Homily for Thirty-third Sunday Year A Accountabiltiy

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Homily for Thirty-third Sunday of Year A

Reading 1: I am sure some husbands may say: “I wish my wife was like that.” At the same time, I am sure some wives may say: “I wish my husband would entrust his heart to me at all times.”

What is the key phrase that makes the wife worthy? “She fears the Lord.” What does that mean exactly? There is a natural emotion of fear, for instance when we perceive something evil or dangerous, like a poisonous snake. Then there is fear of God, one of the spiritual gifts of the Holy Spirit.  This is not fear in the human sense of emotion, but an awe and reverence of the very being of God. Who am I to gaze on the loveliness of God, to be blessed by God, to be in the very presence of God!  In fact the greatest gift we have been given is this relationship with God.

The virtuous woman of worth has this reverential respect and awe of the person of God. Her life flows from a right relationship with God and therefore a right relationship with others. She knows who she is as a daughter of God.  She knows her purpose in life is to be with God forever and to lead her children and husband to the Lord.  She has eternity in sight in all she does and knows she will be held accountable by God both for her relationship with him and her relationship with others.

Gospel: The Gospel ties in with the first reading in the area of accountability. What will be the basis for this accountability? Whether we were faithful in small matters. If so, we shall share in the Master’s joy. 

God gives us many gifts and opportunities throughout our lives. What we do with them will be the measure of the accountability.  The first two servants, like the valiant women, realize what was given them and used them in the right way for the good of others and out of due respect for the Master.  They had that reverential fear of God.  The third servant did not.  He had a fear of his master’s expectation, not the reverential fear of the valiant women.  The servant let this fear paralyze him rather than see the generosity and trust of the master in him.  His relationship with God was not a value.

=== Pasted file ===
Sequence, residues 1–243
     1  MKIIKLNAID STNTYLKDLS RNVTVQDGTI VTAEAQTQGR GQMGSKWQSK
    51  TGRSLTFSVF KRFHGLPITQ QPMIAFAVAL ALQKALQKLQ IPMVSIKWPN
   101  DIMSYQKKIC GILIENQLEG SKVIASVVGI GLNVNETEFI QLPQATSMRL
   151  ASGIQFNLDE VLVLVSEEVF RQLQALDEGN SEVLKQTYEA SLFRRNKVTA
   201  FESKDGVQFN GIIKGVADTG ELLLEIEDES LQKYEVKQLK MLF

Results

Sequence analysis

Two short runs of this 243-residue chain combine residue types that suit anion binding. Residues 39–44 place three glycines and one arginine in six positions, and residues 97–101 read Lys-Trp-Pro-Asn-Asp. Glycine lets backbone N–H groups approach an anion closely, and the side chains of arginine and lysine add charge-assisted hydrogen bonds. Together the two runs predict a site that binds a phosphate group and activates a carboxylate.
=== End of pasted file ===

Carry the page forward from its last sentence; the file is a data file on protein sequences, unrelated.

The day of accountability will surely come for each of us for the graces and opportunities we have received. We can’t hide behind the excuse of fear of failure or fear of lack of self-worth.  The question we have to ask ourselves is have we been a faithful or fearful servant, a productive and creative or a foolish and inconsiderate servant?

Reading 2:  Paul reminds us of the Day of the Lord, the Day of judgement and accountability. This Day of the Lord can be seen from two different aspects. First, it can refer to the second coming of Jesus in glory to judge the living and the dead at the end of the world.  That day is known only by God and can’t be predicted. Secondly, the Day of the Lord may be understood as my own death.  Again, no one but God knows the day or hour. 

What is Paul’s point?  Be prepared! Be the children of the light, living in relationship with God in reverential awe, knowing that the Day of the Lord is a given, only the timing is unknown. Be not like the children of darkness, living in unrepentant sin, unmindful of the Day of the Lord and unprepared for its eternal consequences.  The children of the light cherish relationship with God as a precious gift and treasure. The children of darkness have chosen to walk away from relationship with God, except on their terms.


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